Developing Relationships Between Autonomous Agents: Promoting Pro-Social Behaviour Through Virtual Learning Environments Part II
Scott Watson (University of Hertfordshire, UK), Kerstin Dautenhahn (University of Hertfordshire, UK), Wan Ching (Steve) Ho (University of Hertfordshire, UK) and Rafal Dawidowicz (University of Hertfordshire, UK)
Copyright: © 2009
This chapter is a continuation from Part I, which has described contemporary psychological descriptions of bullying in primary schools and two Virtual Learning Environments (VLEs) designed as anti-bullying interventions. The necessary requirements for believable, autonomous agents used in virtual learning environments are now outlined. In particular, we will describe the technical and engagement-oriented considerations that need to be made. The chapter concludes with recommendations of how to meet these needs and how to design a VLE by including potential users in the development process.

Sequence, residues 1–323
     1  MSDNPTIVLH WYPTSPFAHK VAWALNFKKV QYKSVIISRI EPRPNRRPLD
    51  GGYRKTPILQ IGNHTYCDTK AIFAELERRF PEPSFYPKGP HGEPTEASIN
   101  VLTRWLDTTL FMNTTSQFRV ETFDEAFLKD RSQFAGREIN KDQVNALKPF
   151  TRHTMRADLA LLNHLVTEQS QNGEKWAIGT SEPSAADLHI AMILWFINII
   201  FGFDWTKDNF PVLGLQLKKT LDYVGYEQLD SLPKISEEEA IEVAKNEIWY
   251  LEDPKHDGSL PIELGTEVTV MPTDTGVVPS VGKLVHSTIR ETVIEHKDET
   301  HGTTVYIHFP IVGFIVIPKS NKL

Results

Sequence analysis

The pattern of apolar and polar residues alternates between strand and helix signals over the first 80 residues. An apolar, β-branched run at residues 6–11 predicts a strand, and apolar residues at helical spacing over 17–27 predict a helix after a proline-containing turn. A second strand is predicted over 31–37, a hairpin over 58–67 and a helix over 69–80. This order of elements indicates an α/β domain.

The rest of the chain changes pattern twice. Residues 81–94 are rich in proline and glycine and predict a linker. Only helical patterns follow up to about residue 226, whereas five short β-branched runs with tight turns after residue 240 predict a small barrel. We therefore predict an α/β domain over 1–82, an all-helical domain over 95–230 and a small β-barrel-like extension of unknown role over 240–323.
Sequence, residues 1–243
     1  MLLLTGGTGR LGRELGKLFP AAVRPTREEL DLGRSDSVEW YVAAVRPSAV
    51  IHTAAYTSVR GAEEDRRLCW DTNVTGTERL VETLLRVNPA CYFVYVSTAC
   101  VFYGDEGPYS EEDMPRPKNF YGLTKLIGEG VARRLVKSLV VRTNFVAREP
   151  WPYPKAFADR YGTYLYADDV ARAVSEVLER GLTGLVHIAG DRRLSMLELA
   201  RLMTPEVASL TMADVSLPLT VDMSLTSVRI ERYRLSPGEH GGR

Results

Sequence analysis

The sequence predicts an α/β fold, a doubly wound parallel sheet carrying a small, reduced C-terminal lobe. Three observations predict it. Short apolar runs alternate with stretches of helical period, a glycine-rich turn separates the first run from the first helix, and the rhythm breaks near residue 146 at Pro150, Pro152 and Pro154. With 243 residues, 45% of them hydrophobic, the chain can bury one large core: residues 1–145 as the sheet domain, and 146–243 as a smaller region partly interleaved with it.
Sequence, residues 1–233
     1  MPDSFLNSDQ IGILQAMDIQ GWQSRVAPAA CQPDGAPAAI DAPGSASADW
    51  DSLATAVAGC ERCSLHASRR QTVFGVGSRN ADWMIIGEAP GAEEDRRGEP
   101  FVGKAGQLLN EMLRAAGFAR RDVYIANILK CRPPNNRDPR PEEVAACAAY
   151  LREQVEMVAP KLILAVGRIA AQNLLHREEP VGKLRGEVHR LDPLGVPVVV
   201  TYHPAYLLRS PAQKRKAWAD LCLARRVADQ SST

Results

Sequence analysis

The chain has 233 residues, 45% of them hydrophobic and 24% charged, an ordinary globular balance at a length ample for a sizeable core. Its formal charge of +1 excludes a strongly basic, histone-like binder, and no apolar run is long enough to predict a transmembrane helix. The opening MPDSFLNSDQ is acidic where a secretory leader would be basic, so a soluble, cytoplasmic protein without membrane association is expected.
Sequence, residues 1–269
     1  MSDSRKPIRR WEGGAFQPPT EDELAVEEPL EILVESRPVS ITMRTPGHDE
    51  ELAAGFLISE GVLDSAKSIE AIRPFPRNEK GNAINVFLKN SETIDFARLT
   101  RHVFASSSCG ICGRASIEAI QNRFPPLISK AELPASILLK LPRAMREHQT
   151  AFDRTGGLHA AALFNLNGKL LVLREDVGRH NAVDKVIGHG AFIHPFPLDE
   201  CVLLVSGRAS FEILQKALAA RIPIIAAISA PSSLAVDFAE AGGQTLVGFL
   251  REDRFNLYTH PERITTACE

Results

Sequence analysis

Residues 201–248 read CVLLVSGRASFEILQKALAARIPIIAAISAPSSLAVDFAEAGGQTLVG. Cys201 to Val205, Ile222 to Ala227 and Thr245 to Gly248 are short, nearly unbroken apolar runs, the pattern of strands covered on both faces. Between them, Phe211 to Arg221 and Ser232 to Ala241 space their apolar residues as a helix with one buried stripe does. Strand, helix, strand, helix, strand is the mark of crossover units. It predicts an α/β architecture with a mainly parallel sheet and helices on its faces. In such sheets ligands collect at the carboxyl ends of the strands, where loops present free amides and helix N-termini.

Lessons To Be Learned For The Development Of Vles
As part of the development team of FearNot! and C-SoNeS, the authors have learned a number of lessons which are hoped to be of use to future developers of VLEs for young people. Broadly speaking there are two main considerations to make: technical considerations and engagement-oriented considerations.